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History of major advances in medicine, social medicine and hygiene Ivana Kolčić, MD, PhD.

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Presentation on theme: "History of major advances in medicine, social medicine and hygiene Ivana Kolčić, MD, PhD."— Presentation transcript:

1 History of major advances in medicine, social medicine and hygiene Ivana Kolčić, MD, PhD

2 Social medicine Medicine

3 Social medicine History of medicine - highlights  epidemics – well known through all of the human history  Until 16th century every disease in epidemic proportion = "pestis" or "pestilentia"

4 Social medicine History of medicine - highlights  Bernard de Gordon in 14th c. in "Lilium medicinae" describes communicable diseases like: leprosy, anthrax, trachoma, acute fever, scabies, epilepsy, but does not mention plague, which was a pandemic known as “black death"

5 Social medicine History of medicine - highlights  Plague pandemic started in 1332 in India, spread through China and Russia to Constantinople and Italy  In the middle of 14th c.- whole Asia, Europe and north Africa  …wasteland, extinct cities, corps lying around, with no one to bury them

6 Social medicine History of medicine - highlights  “black death" most prominent in Dalmatia (Split, Zadar, Dubrovnik)  In Dubrovnik in 1377 – first quarantine in the world – 40 days of isolation and observation prior to unloading the cargo and people

7 Social medicine History of medicine - highlights  During 14th and 15th century – other epidemics: variola, disentery, scurvy, laprosy…

8 Social medicine History of medicine - highlights  Girolamo Fracastoro – theory about invisible germs that spread and cause diseases  Through direct contact, via objects, ability to spread far from the source  Refutes Galen’s "miasm theory” (poisonous air and fumes)

9 Social medicine Girolamo Fracastoro  "De contagione et contagiosis morbis“ in 1543 – claims that germs multiply, are poisonous, could be destroyed by fire  Recommends regular body hygene, clean environment, water and food sanitation, disinfection

10 Social medicine History of medicine - highlights  In Italy, Spain…  at the end of 15th century and in 16th c. – new epidemic in Europe – syphilis

11 Social medicine History of medicine - highlights  Microscope discovery  Antony van Leeuwenhoek in 1670

12 Social medicine Antony van Leeuwenhoek  Leeuwenhoek analyzed blood, saliva, bones, muscles, human eye lens, ect.  Achieved magnification up to times, later up to 270 times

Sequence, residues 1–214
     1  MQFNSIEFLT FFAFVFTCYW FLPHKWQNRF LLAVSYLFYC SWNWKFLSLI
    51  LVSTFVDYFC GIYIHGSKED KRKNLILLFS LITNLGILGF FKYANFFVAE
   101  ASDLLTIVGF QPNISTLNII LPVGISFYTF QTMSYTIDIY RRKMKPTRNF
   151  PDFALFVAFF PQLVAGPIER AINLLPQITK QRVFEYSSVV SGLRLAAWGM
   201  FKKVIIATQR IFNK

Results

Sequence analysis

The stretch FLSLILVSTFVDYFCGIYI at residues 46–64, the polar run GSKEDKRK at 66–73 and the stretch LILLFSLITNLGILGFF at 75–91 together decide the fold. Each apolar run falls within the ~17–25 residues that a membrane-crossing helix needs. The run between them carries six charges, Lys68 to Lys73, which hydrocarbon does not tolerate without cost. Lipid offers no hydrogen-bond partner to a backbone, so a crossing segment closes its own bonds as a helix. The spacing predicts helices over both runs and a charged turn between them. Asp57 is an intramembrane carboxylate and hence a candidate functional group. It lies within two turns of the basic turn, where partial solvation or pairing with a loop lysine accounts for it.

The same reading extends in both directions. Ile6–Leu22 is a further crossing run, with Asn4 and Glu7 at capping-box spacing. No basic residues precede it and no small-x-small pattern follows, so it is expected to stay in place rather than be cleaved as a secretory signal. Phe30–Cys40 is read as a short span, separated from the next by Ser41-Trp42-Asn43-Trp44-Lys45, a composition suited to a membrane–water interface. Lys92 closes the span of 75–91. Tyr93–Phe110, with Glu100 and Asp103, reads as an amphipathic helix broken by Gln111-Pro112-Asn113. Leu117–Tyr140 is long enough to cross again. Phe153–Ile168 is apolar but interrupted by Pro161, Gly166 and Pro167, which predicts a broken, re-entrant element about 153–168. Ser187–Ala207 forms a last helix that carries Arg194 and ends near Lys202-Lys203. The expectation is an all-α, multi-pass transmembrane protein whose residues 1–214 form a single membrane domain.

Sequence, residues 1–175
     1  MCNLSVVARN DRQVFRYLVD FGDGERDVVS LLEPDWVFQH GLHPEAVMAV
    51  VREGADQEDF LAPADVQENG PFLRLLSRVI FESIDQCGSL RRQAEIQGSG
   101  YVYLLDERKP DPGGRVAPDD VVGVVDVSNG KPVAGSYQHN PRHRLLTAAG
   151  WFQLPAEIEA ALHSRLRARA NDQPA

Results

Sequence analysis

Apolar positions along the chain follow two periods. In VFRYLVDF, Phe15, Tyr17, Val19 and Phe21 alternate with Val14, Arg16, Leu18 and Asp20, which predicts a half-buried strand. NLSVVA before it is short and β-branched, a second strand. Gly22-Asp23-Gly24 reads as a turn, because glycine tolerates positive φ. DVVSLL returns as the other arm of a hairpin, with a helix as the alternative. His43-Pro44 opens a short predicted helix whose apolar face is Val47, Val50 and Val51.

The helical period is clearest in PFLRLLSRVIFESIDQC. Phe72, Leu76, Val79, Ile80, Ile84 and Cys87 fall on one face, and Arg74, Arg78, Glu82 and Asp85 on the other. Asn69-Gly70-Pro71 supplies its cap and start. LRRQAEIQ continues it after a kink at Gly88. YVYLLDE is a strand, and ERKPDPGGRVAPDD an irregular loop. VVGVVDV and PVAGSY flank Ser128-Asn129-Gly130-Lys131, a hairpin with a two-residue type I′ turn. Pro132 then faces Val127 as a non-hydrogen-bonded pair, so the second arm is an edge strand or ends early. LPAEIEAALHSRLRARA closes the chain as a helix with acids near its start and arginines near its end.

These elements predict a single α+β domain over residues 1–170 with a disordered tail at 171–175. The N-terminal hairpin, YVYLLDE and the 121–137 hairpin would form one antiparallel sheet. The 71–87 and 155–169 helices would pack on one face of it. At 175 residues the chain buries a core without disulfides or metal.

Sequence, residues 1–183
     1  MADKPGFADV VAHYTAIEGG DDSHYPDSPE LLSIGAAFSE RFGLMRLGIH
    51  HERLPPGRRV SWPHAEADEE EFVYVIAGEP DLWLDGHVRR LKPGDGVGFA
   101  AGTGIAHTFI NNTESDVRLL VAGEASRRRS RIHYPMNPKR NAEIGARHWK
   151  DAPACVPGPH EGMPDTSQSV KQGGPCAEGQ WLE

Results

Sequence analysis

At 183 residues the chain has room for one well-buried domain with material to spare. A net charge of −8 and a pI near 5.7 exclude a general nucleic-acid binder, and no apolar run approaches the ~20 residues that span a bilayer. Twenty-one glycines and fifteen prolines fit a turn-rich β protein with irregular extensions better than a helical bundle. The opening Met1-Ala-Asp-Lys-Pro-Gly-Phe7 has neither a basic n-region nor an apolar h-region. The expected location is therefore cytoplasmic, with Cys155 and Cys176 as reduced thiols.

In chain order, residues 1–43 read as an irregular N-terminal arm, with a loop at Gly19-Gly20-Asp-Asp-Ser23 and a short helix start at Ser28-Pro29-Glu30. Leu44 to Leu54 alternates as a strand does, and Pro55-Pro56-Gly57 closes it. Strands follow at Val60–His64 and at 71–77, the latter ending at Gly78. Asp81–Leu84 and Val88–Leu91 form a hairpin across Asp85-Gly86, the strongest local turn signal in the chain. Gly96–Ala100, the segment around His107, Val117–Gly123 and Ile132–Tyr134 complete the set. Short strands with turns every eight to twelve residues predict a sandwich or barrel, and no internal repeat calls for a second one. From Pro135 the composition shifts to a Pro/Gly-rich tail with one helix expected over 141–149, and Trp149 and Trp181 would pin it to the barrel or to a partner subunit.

13 Social medicine History of medicine - highlights  In 18th c. doctor from Slovenia Marko Anton Plenčić supports the theory about small living creatures which cause communicable diseases  He hypothesized that different creature causes different, specific disease  Described human immunity, susceptibility, incubation, disease carriers, some diseases (scarlet fever, variola)

14 Social medicine History of medicine - highlights  At the end of 18th c. British doctor Edward Jenner noticed that women who milk cows often get cow pox (much more benign than smallpox) and never get smallpox, as a consequence

15 Social medicine Edward Jenner  After 20 years of observation – experiment on 8yrs old boy James Phipps  Jenner took the pus from the hand of a women with cow pox and applied it to the boy – after 6 weeks the boy was exposed to smallpox – didn’t get smallpox  Published a book about vaccination in 1798 (vacca=cow)

16 Social medicine History of medicine - highlights  Only in 19th century bacteria have been discovered  Pollender discovered one of the largest bacteria - anthrax in the blood of dead animals

17 Social medicine History of medicine - highlights  Louis Pasteur – foundations for modern theory about causes of communicable diseases  discovered yeasts  introduced pasteurization for wine and milk

18 Social medicine Louis Pasteur  Investigated other pathogenic microorganisms  Noticed how anthrax culture loses virulence – when applied to healthy animal it didn’t cause the disease  Created vaccine to immnunize rams against anthrax  In discovered streptococcus and staphylococcus bacteria

19 Social medicine Louis Pasteur  In 1885 L. Pasteur introduced vaccination agains rabies  Dried spinal cord from dogs died of rabies Pasteur applied for 9yrs old boy Joseph Meistera, who was bitten by a rabid dog – the boy was saved  Thanks to Pasteur, countless lives were saved all over the world